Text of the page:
Six is a not a good number when it comes to court.
An even number can be odd for judicial decisions. That is, it is often not good for rendering judgment.
The Pennsylvania Supreme Court has been lacking a seventh judge since Joan Orie Melvin, of the famed political Pittsburgh Melvins, was suspensed in May 2012 when she was indicted on nine criminal counts alleging that she employed her judicial staff to perform campaign work.
Orie Melvin was convicted in February and finally — after what seemed like an eternity — resigned from the bench this month.
(This is the place where I like to name all nine of the Orie siblings, each with a name beginning with the letter J: Joan, June, Janine, Joy, Jack, James, Jerome, Joseph and the late Judith. The parents are John and the late Jean.)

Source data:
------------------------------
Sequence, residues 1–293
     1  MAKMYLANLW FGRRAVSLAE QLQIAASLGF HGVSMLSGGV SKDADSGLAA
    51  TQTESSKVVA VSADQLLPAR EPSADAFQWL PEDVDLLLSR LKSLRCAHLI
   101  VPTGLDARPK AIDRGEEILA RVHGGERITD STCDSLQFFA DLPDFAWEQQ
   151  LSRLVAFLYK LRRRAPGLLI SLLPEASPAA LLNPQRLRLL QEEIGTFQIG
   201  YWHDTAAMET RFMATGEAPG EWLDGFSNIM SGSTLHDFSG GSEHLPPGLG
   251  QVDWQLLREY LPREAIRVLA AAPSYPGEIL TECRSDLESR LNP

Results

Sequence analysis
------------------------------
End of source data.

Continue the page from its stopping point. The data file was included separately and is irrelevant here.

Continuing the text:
But Orie Melvin's replacement may not be named anytime soon, according to The Legal Intelligencer.
Gov. Tom Corbett, a politician known for taking his sweet time with decisions, has made no moves to fill the vacancy even though the post has basically been vacant for a year.
The governor has 90 days to nominate a candidate after Orie Melvin's resignation. The candidate requires confirmation by a two-thirds of the state senate. If approved, the justice would serve until January 2016, after the November 2015 election.
But Corbett, as is his wont, appears in no rush.
"I can tell you with relative certainty there's minimal chance anything will happen before the budget," a source close to the adminsitration told the law journal.
There is a "very real possibility," the source said, that Corbett will not nominate a candidate.
The state Supreme Court is mulling whether to appoint a senior judge to restore the full complement of seven. Given the escalating tensions between Chief Justice Ronald Castille and Justice Seamus McCaffrey, the court's two Philadelphians, some new blood might be in order.